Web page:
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Gant Validates HB 1234 Referendum Petition: Vote No on Referred Law 16!

Last updated on 2012.08.09

Vote No on Referred Law 16
Support Your School: No on 16!

I learn from David Lias that Secretary of State Jason Gant showed up for work today and validated the petitions submitted two weeks ago to refer House Bill 1234 to a public vote. Congratulations to Secretary Gant on the first thing he's done right in weeks.

We needed 15,855 signatures to put Governor Dennis Daugaard's really bad education policy to a public vote. A random 5% sample of the 30,096 signatures submitted finds 25,777 valid signatures with complete petition information. That 14.35% invalidation rate is the lowest of the three ballot measures filed by the public for the 2012 ballot. Good work, teachers! We've proven we can get signatures; now let's prove we can wage an effective get-out-the-vote campaign against a big corporate anti-public school, anti-labor campaign machine that's already push-polling this issue.

Governor Daugaard's school-wrecking proposal now changes name: House Bill 1234 becomes Referred Law 16, as in...

  • Not-So-Sweet 16!
  • Unclean 16!
  • Don't Be Mean: Kill 16!
  • Nix 16!

Of course, simple may be best:

No on 16!

Start making buttons (I release the above image to the public domain) and spreading the word!


  1. Brian 2012.07.02

    I am opposed to HB 1234.

    While I favor the idea of merit pay in theory, the reality is that the school system does not operate enough like a market for it to work. In the end it will just cause more problems than it solves.

  2. caheidelberger Post author | 2012.07.02

    We teachers appreciate your vote, Brian! On this issue, we need to get people away from theories and abstract rhetoric and get them to look at the good things already happening in their local schools. The system isn't broken; it doesn't need this fix!

  3. Donald Pay 2012.07.02

    Rep. Nelson, or any other Legislator, I have a question.

    I always wondered why the Attorney General continues to do the ballot explanations. The Attorney General is an executive branch official, while the constitution puts initiatives and referendums under the legislative branch. I can understand that having the AG do the ballot explanation made some sense before there was the Legislative Research Council, but now the legislative branch has it's own staff. Why isn't the LRC in charge of ballot explanations?

    I understand there has been some controversy there about the LRC, but I always found them to be professional (with a few rare exceptions), and more knowledgeable about legislation than the AGs office.

    The most secretive part of the initiative or referendum process is the AG ballot explanation. It's a completely closed process, and therefore subject to a lot of secret lobbying. Sometimes ballot explanations can sway an election. During one of the mining initiatives had the mining industry secretly lobbying the AG to insert a few focus-tested words into the ballot explanation. Then they based their campaign around those words that the AG inserted into the ballot explanation. The process should be opened up with hearings and moved to the LRC.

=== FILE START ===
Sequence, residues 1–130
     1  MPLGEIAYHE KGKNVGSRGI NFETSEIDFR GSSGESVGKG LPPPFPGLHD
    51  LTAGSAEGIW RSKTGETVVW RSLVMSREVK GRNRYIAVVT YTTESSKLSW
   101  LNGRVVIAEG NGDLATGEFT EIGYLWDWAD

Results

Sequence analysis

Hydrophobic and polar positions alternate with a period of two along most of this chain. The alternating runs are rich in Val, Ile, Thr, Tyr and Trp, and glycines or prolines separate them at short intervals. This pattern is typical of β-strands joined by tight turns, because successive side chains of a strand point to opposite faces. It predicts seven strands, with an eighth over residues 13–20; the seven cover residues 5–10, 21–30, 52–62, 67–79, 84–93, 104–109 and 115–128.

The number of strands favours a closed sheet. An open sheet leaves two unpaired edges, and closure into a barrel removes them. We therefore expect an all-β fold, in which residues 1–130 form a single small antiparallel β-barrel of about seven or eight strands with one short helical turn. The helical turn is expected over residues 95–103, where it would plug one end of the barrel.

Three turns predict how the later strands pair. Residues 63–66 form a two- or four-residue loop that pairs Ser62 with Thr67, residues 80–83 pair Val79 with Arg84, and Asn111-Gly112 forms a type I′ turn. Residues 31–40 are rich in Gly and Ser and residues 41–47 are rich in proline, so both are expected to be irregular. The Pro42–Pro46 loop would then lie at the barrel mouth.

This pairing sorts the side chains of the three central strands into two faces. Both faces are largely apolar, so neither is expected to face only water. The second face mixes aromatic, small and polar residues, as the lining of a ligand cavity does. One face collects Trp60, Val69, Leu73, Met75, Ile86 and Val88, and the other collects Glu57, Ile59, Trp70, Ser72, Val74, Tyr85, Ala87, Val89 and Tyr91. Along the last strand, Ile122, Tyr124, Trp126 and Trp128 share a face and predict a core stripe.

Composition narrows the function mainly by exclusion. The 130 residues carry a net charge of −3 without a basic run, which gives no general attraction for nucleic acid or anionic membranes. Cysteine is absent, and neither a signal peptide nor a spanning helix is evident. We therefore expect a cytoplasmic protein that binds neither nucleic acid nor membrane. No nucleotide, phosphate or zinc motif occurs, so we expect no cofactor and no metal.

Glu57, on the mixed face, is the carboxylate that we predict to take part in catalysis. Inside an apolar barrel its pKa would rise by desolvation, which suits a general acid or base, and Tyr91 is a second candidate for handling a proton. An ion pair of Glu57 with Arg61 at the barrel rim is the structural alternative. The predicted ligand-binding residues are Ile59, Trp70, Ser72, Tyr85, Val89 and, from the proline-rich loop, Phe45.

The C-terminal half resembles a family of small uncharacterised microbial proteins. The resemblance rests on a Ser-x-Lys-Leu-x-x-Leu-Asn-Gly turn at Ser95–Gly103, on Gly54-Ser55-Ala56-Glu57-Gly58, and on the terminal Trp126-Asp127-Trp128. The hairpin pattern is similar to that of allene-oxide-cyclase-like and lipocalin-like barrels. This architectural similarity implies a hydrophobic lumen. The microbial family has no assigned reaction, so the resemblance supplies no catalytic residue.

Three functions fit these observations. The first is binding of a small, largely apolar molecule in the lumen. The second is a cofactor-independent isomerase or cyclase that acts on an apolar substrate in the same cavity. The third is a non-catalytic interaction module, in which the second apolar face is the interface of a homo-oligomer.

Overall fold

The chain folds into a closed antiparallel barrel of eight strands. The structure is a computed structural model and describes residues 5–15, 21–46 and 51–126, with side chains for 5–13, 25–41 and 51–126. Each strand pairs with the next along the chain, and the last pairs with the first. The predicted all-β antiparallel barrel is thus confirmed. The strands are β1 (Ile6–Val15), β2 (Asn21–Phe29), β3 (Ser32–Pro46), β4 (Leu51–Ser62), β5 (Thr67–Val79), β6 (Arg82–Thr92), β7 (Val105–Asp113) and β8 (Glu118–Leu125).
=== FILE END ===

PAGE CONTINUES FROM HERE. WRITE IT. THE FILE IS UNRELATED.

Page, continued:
4. grudznick 2012.07.02

    Rep. Nelson, maybe it doesn't do anything, except misdirect administrators away from giving good teachers more money and make tax payers made and the whiners and grubbers. What if it's all a red herring? Mr. H doesn't like my theory but there are so many insaner theories out there that I might as well float mine again.

  5. grudznick 2012.07.02

    Mr. Pay, I bet that's a question for the Secretary of State or his Deputy. I bet they have a law.

  6. PlanningStudent 2012.07.02

    The Attorney General is the State's lawyer, that is why the legislature entrusted him/her to write the explanation.

    12-13-9. Attorney general's statement regarding constitutional amendment proposed by legislature and referred measure. Before the third Tuesday in May, the attorney general shall deliver to the secretary of state an attorney general's statement for each amendment to the Constitution proposed by the Legislature, and any referred measure from an odd year. The attorney general's statement for each referred measure from an even year shall be delivered to the secretary of state before the second Tuesday in July. The attorney general's statement shall be written by the attorney general and shall consist of a title, an explanation, and a clear and simple recitation of the effect of a "Yes" or "No" vote. The title shall be a concise statement of the subject of the proposed amendment or referred measure authored by the attorney general. The explanation shall be an objective, clear, and simple summary to educate the voters of the purpose and effect of the proposed amendment to the Constitution or the referred law. The attorney general shall include a description of the legal consequences of the proposed amendment or the referred law, including the likely exposure of the state to liability if the proposed amendment or the referred law is adopted. The explanation may not exceed two hundred words in length. On the printed ballots, the title shall be followed by the explanation and the explanation shall be followed by the recitation.